To some extent Sony has done the same thing and simple large aperture long lenses might in theory vignette. In practice they don’t. The limitations are nothing like the Leica or Contax rangefinder mounts were in the past. The argument against full frame mirrorless, or the specific design of the Sony FE/A7 series, ignores many things including simple points like volumetric heft (looks very different from overhead views of the camera footprint) and multi-body kits. I use A7RII, A7 and A6000 and all three bodies together barely take up the baggage space of a single pro DSLR.
So, just relax. The Petapixel article was not a very carefully constructed one or a balanced argument. You’re going to find many different form factors of digital camera in future. The Sony full frame mirrorless system is just one. Because Fujifilm, Olympus, Panasonic, Nikon, Pentax, Samsung and Canon have all made design decisions for their mirrorless offerings which rule out full frame it’s not going to have ‘competition’ right now, and all users of other systems will find reasons why it doesn’t work for them – or take the plunge.
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After testing the Sony Carl Zeiss 55mm f/1.8 FE in 2014, I was less than impressed. I may have had a decentred example (it happened to dPreview and at least one photographer I trust to know his lens performance expectations). It was, certainly, pin-sharp on a test chart or a brick wall but the moment three-dimensional subjects were involved at wide aperture the defocused detail could be very untidy. The clip below from trees behind a building which was sharply focused is at f/1.8 and 1/2500th (a suggestion that it could be caused by camera shake is easily ruled out).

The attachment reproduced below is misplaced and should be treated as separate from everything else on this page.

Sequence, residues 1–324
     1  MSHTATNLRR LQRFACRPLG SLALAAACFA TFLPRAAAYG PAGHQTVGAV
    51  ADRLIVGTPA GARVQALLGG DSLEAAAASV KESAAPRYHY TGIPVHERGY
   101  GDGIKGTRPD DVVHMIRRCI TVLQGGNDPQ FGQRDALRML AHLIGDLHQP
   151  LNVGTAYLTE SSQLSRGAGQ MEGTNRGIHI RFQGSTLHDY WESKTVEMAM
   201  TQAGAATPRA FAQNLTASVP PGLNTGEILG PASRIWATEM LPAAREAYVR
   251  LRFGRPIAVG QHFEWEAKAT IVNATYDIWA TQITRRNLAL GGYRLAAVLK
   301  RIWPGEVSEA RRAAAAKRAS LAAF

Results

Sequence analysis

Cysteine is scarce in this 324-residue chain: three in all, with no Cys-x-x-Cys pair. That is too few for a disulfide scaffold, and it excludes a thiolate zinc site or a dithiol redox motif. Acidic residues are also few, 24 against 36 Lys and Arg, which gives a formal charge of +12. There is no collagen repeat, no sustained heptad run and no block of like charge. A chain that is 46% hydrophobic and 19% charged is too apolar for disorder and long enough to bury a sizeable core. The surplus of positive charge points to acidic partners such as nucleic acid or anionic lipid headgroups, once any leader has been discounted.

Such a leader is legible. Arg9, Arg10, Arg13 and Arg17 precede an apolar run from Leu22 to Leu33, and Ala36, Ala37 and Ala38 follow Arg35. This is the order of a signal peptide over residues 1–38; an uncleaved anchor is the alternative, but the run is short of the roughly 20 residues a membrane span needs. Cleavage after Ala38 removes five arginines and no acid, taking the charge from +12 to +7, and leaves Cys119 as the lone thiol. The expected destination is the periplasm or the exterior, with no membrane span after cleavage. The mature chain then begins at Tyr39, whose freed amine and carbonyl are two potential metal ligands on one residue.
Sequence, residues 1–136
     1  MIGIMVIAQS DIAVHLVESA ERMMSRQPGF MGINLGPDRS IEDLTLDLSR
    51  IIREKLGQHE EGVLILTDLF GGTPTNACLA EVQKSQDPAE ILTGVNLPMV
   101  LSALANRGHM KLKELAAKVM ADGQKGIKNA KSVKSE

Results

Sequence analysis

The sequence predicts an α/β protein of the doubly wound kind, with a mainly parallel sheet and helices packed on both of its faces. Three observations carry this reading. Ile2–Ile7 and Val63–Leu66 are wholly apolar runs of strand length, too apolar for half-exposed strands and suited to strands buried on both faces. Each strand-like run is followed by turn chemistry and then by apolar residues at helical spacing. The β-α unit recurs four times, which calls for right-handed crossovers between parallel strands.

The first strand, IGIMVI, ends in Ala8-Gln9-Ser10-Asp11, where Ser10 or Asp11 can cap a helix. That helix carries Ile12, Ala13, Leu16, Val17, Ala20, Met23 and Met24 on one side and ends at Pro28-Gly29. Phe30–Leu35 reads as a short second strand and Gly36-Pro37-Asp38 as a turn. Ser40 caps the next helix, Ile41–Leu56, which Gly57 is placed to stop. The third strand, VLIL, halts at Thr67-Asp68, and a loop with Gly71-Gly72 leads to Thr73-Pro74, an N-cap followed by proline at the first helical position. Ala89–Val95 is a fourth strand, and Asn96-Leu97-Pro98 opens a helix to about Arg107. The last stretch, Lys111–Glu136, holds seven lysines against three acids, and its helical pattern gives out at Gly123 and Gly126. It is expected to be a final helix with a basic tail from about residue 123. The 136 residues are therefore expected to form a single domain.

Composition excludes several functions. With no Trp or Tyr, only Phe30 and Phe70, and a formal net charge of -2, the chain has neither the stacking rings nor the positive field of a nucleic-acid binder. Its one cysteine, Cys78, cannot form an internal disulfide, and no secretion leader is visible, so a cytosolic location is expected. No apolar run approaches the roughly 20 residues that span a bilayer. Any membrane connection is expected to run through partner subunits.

It’s worth saying that when I had this lens I made some tests of the bokeh using very strong defocus which looked good. Many examples I’ve seen, which true believers put forward, show a figure (from full length to portrait) centre of a horizontal frame at f/1.8 with a pleasant enough looking distant background. My gripe has been with what happens when your subject is further away, or the background is not all very distant. This is an expensive lens but it seems to me to have fussy bokeh with too much CA fringe and also more focus-related colour shift than desirable.
Now I’ve got a fair collection of 50, 55 and 58mm lenses and also the little Canon 40mm f/2.8 STM which is my alternative to having a 35mm and a 55mm. No matter what the lens – Pentax, Minolta, Sony 50mm f/1.4, Helios, Zenitar, Nikon, CZ Jena – the full aperture between f/2 and f/1.4 always proves to be a touch soft. They all have residual aberrations that the CZ 55mm f/1.8 design has eliminated. While they can have a smoother bokeh, they also have marked colour shifts and uncorrected CA. Generally, they also all perform extremely well once stopped down to f/8 and most designs are great by f/4.